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SYRINGOMYELIA

Syringomyelia (sear-IN-go-my-EEL-ya) is a chronic disorder involving the Spinal Cord in which a fluid filled cavity (or cyst) forms within the Spinal Cord. This cyst (called a Syrinx) expands and elongates over time, destroying the center of the Spinal Cord. As the nerve fibers inside the Spinal Cord are damaged, a wide variety of symptoms can occur, depending upon the size and location of the Syrinx. (There are other terms applied to this condition that are used interchangeably by physicians. These terms, Syringomyelia, Hydromyelia or Syrinx, all refer to an internal expansion of a normally very narrow Central Canal which occupies a center position the Spinal Cord and which is not normally dilated.)

There are two major types of Syringomyelia. In most cases it is related to a congenital malformation involving the Cerebellum and Brain Stem called the Arnold-Chiari Malformation. This "malformation" occurs during fetal development and is characterized by downward displacement of the lower part of the Cerebellum (Cerebellar Tonsils) through the Foramen Magnum, into the upper (superior) portion of the Cervical Spinal Canal. This displacement blocks the normal flow of Cerebrospinal Fluid (CSF).

If Cerebrospinal Fluid, as a result of the interference with its normal flow within the Fourth Ventricle of the Brain, is abnormally directed (under pressure developed in the cyclical beating of the Brain which is synchronous with beating of the Heart) into this Central Canal of the Spinal Cord, it may dilate the Central Canal. This "hydrocephalus" of the Spinal Cord is the "Syrinx". The Syrinx may compress the surrounding Spinal Cord resulting in damage by internal compression which then may interfere with the normal functioning of the Spinal Cord.

Syringomyelia can also be associated with an abnormal "Curvature of the Spine" (a condition known as "Scoliosis".) It is important to recognize that when scoliosis is initially identified, neuroimaging tests should be considered since the underlying cause of the scoliosis may be the presence of the Arnold-Chiari Type I Malformation.

Not all patients with Arnold-Chiari Malformations will develop a Syrinx, however. it can also occur as a complication of Spinal Cord trauma, Meningitis, Spinal Cord Tumor (17% of patients with a Syrinx will also have a Spinal Cord Tumor), Arachnoiditis or a Tethered Spinal Cord. In these cases the Syrinx forms in the section of the Spinal Cord damaged by these conditions.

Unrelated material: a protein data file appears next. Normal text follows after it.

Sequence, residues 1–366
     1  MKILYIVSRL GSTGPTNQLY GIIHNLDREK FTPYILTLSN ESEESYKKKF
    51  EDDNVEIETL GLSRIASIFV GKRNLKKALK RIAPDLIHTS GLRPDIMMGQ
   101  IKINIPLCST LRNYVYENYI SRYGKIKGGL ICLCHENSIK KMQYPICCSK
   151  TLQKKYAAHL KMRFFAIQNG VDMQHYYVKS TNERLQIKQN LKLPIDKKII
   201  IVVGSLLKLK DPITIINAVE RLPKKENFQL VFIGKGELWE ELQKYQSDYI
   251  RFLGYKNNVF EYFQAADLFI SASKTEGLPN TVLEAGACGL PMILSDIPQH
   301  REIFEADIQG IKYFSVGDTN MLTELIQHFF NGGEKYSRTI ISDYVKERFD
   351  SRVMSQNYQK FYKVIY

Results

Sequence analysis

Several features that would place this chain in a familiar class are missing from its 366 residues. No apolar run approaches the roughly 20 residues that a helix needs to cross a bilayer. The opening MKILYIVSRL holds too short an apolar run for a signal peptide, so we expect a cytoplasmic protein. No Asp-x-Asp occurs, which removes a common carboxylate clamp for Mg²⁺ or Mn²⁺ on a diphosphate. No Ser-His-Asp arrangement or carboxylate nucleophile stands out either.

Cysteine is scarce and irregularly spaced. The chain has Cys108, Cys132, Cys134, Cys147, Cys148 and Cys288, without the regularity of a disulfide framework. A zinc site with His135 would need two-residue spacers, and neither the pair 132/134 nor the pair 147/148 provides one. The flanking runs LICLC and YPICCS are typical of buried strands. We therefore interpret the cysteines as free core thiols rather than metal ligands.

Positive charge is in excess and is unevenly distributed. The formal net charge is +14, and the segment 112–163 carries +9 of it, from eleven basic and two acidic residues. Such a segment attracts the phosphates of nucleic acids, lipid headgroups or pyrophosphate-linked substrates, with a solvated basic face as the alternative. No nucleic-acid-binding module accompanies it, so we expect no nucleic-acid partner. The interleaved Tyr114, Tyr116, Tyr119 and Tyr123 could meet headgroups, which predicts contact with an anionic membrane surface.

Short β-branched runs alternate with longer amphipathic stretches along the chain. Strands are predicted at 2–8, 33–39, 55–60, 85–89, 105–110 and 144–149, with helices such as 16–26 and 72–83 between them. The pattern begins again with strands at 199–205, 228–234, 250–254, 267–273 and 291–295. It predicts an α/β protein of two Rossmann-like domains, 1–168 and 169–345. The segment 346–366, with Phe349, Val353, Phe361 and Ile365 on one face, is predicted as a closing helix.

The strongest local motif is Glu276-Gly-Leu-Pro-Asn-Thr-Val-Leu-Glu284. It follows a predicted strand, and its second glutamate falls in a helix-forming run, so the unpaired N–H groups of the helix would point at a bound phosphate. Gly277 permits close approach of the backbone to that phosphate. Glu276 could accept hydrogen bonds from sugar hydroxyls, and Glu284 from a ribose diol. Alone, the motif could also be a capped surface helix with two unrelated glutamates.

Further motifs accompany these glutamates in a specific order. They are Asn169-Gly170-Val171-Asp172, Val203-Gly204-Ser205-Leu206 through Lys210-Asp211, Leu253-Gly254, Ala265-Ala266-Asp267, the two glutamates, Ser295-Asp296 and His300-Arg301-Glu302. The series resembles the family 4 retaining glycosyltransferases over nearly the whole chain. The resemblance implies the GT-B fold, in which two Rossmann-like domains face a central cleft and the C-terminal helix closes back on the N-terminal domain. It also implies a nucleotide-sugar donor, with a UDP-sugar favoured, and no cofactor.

Figure 1A (Left): MRI Scan (Gadolinium Enhanced-Sagittal View). Syrinx in the Medulla & Superior Cervical Spinal Cord (Curved Arrows) in association with a Spinal Cord Tumor (Ependymoma-indicated by Horizontal Arrows)

Figure 1B (Right): MRI Scan (Axial View-Same Patient). Large Syrinx in the Cervico-medullary junction (Arrow).

As more people are surviving Spinal Cord injuries, more cases of post-traumatic Syringomyelia are being diagnosed. Symptoms may appear months or even years after the initial injury and are related to the site and anatomical level of the Spinal Cord that was subjected to the trauma. Some cases of Syringomyelia are Familial (Genetically determined) although this is rare.

SYMPTOMS

Symptoms usually begin between the ages of 25 and 40 and may worsen with straining or any activity that causes Cerebrospinal Fluid pressure to fluctuate. Some patients, however, may have long periods of stability. The majority of patients suffer, at some point in the progression of this disorder. Each patient experiences a different combination of symptoms depending on the anatomical level of the Spinal Cord that is involved in the Syringomyelia process and the extent of the Syrinx.

The symptoms of Syringomyelia, which tend to develop slowly, are numerous and may manifest in various combinations of different symptoms. Symptoms may, rarely, develop suddenly as a result of a severe cough or strain. Common symptoms include:

  • Pain
  • Muscle weakness
  • Spasticity (stiffness) in the trunk, shoulders, arms, or legs
  • Incontinence of bowel and bladder
  • Difficulty walking due to spasticity of the lower extremities
  • Impotence
  • Headaches
  • Chronic pain as well as a
  • Loss of the ability to feel extremes of hot or cold, especially in the hands

DIAGNOSIS

Neuroimaging

MRI scanning is the most effective diagnostic tool for evaluating Syringomyelia. The standard comprehensive MRI study of this condition includes images obtained with and without Gadolinium (the paramagnetic "enhancing substance") that will help to diagnose the presence of a Spinal Cord Tumor.


Figure 2A (Left): MRI Scan (Sagittal View). Thoracic (T9- T11) Syrinx in a 35 year old female (No Tumor). This widened "cyst' within the Thoracic Spinal Cord results in thinning the Spinal Cord in the periphery (Arrows) of the Syrinx.

Figure 2B (Right): MRI Scan (Axial View-Same patient). The Thoracic Spinal Cord is a thin remnant (Arrows indicate the grey area inside the Spinal Canal) as it surrounds the Syrinx.